Much attention has been turned in recent months to the fact that the agro-chemical/GMO industry — corporate giants Dow, Pioneer DuPont, Syngenta, Monsanto, BASF — have been using Hawaii since the 1990s as one of their main testing grounds for experiments engineering new pesticide-crop combos. On the “Garden Island” of Kauai, the industry controls over 15,000 acres of prime agricultural land, which they drench with over 17 tons of restricted-use pesticides each year, and likely at least five times that amount in non-restricted pesticides that may be equally as harmful (such as glyphosate).
Because genetically engineered seeds are most typically designed to be used in conjunction with specific pesticides, the development of new GE crops (or at least the types the industry is choosing to develop) requires repeated applications of these chemicals and their mixing into new toxic cocktails with unknown consequences. From a lawsuit, we know that Pioneer DuPont alone has used 90 pesticide formulations with 63 active ingredients in the past 6 years. They apply these pesticides around 250 (sometimes 300) days each year, with 10-16 applications per day on average. The amount of pesticides used on the island by these operations makes the corn fields in Kansas look organic.
Pesticides are sprayed next to schools, hospitals, neighborhoods and major waterways, with zero buffer zone and zero public knowledge of what is being sprayed and when it will happen. Preliminary evidence suggests that living in the shadow of these companies may be causing alarming rates of rare birth defects and cancers.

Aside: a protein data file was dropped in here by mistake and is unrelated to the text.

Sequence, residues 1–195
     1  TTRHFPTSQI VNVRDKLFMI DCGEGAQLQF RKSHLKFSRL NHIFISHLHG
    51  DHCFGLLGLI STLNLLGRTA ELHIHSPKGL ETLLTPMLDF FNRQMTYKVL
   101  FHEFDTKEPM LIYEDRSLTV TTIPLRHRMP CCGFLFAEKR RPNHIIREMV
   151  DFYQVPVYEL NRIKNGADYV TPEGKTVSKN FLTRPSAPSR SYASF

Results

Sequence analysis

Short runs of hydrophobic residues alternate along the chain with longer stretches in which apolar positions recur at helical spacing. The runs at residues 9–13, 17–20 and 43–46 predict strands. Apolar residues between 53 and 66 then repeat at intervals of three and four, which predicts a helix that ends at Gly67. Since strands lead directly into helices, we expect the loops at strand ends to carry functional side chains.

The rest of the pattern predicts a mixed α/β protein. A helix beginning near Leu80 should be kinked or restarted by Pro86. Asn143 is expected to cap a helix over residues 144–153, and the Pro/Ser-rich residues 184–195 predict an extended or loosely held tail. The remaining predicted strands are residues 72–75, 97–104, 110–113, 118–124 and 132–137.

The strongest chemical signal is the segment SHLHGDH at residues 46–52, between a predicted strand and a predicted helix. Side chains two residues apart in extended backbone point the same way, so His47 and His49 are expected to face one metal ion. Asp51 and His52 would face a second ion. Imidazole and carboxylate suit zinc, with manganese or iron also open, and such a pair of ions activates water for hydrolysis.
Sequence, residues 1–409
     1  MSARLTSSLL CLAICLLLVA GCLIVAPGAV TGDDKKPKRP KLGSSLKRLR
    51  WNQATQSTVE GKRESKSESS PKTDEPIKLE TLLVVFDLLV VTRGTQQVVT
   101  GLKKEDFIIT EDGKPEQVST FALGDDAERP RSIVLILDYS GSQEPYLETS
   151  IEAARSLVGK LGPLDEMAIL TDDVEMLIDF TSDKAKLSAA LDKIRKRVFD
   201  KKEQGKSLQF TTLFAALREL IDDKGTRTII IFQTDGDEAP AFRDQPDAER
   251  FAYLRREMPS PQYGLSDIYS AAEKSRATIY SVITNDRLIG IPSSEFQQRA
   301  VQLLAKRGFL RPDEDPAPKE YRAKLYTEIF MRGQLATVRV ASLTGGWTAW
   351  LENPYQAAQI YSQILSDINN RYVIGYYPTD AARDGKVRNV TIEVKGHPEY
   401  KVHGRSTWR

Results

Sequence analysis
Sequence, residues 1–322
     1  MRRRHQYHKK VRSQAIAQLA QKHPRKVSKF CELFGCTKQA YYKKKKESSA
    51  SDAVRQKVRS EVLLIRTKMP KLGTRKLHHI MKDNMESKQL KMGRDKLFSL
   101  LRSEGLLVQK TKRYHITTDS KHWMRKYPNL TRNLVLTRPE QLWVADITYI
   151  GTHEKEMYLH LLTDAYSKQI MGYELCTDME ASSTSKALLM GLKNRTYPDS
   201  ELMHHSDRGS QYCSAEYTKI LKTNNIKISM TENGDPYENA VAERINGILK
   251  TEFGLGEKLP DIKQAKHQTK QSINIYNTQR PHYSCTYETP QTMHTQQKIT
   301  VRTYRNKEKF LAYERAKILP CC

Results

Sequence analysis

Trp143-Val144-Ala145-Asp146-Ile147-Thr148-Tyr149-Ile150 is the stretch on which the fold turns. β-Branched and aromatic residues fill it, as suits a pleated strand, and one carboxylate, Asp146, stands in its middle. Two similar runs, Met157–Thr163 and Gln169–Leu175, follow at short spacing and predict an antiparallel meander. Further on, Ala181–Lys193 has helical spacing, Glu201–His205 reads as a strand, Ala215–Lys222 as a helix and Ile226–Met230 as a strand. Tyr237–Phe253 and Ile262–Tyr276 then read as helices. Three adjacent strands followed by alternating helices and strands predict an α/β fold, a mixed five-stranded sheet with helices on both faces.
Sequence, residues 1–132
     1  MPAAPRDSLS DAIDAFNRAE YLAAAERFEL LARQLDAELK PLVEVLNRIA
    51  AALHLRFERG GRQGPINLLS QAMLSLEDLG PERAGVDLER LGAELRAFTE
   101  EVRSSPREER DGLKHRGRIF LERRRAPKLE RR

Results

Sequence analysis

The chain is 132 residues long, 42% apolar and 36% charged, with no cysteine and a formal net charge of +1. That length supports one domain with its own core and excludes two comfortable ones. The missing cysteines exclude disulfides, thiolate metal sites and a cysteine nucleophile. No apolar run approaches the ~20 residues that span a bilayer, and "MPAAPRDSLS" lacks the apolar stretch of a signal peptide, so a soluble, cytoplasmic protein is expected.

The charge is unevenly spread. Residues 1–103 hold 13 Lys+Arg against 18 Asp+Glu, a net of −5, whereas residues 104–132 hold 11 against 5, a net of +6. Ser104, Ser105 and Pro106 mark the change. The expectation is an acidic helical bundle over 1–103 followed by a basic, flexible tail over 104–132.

The Kauai County Department of Water said it has received $6,693 from a Swiss pesticide manufacturer as part of a class-action lawsuit regarding the pesticide atrazine.
The money will help the county pay for testing the water supply for the common weedkiller.
The Water Department said it has conducted tests for atrazine since the 1990s and has found the level of the pesticide in Kauai’s water systems to be either well below the EPA maximum contaminant level of 3 pbb or nondetectable.
Syngenta of Switzerland agreed to a $105 million settlement with 1,085 water systems, including Kauai County’s.
Add weed control to the list of elements of growing your 2011 crop that is being complicated as cool, wet weather continues to delay planting in the bulk of the Corn Belt.
If you’re too far delayed in your planting and were originally planning on using a quick tillage trip to knock down early-emerging weeds, you may not be able to pull that off this spring. “Preplant tillage operations can effectively control existing vegetation while preparing a seedbed,” says University of Illinois Extension weed specialist Aaron Hager. “However, as weeds become larger, the effectiveness of tillage to control weeds before planting can be reduced.”
Even if you are able to squeeze in a round of tillage as things start to dry out, it may lose some efficacy, Hager says. “Reduced weed control may also occur when fields are slightly wet during the preplant tillage operation,” he says. “Soil disturbance may not be as extensive when soils are retaining moisture, and clods are more likely to be formed. Weeds sometimes take root again after tillage when soil disturbance is inadequate and soil moisture is abundant.”
So, what’s the answer? If tillage is already done, you don’t have enough time before you plant, or you were already thinking of a burndown application anyway, Hager says you can control winter annual weeds with a little stronger rate of burndown herbicide to “account for the large and dense vegetation.”